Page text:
A coding program aimed at girls from a Lagos slum encourages them to pursue careers in computers and teaches that tech could help life them and their communities out of poverty.
LAGOS, NIGERIA – Twelve-year-old Miriam Matti beams with pride as she runs her index finger over the homepage of the website she has been building for a year now. The site, called Food Insecurity, allows visitors to give money, time or equipment to help struggling farmers. It targets people looking to make charitable donations, but also volunteers who can teach farmers how to use and maintain their tractors.
“I want to get donations such as money and tractors for our farmers, because a farmer using a tractor can farm a large amount of land in one week and produce more food,” Matti says. “A farmer using a hoe and cutlass can take one month to farm their land and will get only a small amount of crops.”
Matti is building herwebsite as part of a coding class she takes through the GirlsCoding program run by the Pearls Africa Foundation, a nonprofit located in Yaba, the tech district of Lagos, Nigeria.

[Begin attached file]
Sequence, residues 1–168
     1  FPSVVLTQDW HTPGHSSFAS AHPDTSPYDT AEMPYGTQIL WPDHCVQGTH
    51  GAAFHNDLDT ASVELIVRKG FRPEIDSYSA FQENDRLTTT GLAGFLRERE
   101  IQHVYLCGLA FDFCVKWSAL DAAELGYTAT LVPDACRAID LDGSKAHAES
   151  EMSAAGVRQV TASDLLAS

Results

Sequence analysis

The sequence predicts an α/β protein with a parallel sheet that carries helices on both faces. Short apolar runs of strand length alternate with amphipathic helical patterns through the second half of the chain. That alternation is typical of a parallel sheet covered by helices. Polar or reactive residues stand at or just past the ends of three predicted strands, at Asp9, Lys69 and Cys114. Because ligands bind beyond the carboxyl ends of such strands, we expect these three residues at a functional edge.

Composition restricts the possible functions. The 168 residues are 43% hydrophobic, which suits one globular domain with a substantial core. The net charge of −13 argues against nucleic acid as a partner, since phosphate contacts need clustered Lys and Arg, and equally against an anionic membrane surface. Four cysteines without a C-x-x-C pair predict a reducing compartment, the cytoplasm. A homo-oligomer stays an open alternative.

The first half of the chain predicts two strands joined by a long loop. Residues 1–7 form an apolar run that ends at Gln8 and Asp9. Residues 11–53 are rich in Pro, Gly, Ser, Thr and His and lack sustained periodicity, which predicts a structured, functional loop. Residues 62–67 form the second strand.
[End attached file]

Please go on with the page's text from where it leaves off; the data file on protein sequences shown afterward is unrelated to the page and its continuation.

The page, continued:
The tech scene in Nigeria is booming. Investment in the country’s industry averaged $73,000 last year, up from $57,000 in 2015, according to VC4A, a platform that connects funders to startups in Africa. And the contribution of the information and communication technology (ICT) sector to Nigeria’s GDP rose from 5.46percent in 2011 to over 9 percentin the second quarter of last year.
But the industry is still dominated by men. While there is no reliable data on how many women in Nigeria are studying or working in technology, figures do show that women are the minority in all the sciences: Women pursuing careers in science constitute only 17 percent of all science researchers in the country.
The lack of female role models combined with cultural biases that dictate women should be at home raising children are major factors in discouraging Nigerian girls from getting jobs in the fields of science, technology, engineering and mathematics (STEM), experts say. At the same time, Nigeria continues to wrestle with high early pregnancy rates, with 23 percent of teenagers having their first child before the age of 19.